Are you paying the minimum wage?
By Michael Barker
Almost 200 employers have been identified by the government this month for failing to pay the minimum wage to almost 10,000 workers.
And there are warnings that many more may face hefty fines and demands for back payment of wages in the coming months.
The Department for Business, Energy and Industrial Strategy (BEIS) released figures revealing that hospitality, hairdressing and retail were the worst offending sectors.
Charging staff for uniforms or expecting them to fund their own independently, failing to pay overtime and issues around travel expenses were just some of the reasons given for salaries falling below the threshold.
According to a BBC report, one national restaurant chain blamed “an inadvertent misunderstanding” of the rules on staff uniforms for its mistake.
The company said it had asked front-of-house staff to wear black jeans or a black skirt with their -branded top. This was considered as asking them to buy a form of uniform, “and so we should have paid them for it,” it said.
According to experts, unpaid breaks, requiring workers to arrive early for their shift and time spent in meetings could all lead to underpayment.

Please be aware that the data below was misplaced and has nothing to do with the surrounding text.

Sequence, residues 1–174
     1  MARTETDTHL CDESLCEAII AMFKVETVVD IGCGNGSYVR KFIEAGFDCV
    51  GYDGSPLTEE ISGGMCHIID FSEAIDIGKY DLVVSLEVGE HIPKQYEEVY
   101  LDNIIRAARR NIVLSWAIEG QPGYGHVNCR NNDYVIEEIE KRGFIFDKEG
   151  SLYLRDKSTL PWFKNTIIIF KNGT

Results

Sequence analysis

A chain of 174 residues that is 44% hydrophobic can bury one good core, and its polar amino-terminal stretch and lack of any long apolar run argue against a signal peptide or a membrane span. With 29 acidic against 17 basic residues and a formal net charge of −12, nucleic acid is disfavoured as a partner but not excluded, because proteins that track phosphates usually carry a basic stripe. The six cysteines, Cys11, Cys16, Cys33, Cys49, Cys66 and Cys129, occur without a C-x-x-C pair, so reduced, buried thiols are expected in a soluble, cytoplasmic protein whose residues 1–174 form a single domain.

And in the hospitality sector, additional payments such as tips, service charges and premiums for unsociable working should not count towards staff wages.
The penalties for falling foul of the minimum wage, both financially and in lost reputation, can be high. Employers can be fined up to twice the total wage shortfall, subject to a maximum of £20,000 per worker.
In total 179 employers were fined £1.3m by the government for underpaying their staff. It is also worth noting that minimum pay rates will increase again on April 1.
And in its response to the Matthew Taylor Review of the gig economy the government has announced plans to give all workers the right to a payslip.
It says that will make it easier for 300,000 workers to check that they were being paid the legal minimum.
The government has also launched an awareness campaign for the new minimum wage rates.
And the National Living Wage will increase to £7.83 in April, according to Chancellor’s Philip Hammond’s Spring Statement delivered earlier this month.
The team at WNJ can help you ensure compliance and avoid financial penalties and bad publicity, as well as giving you piece of mind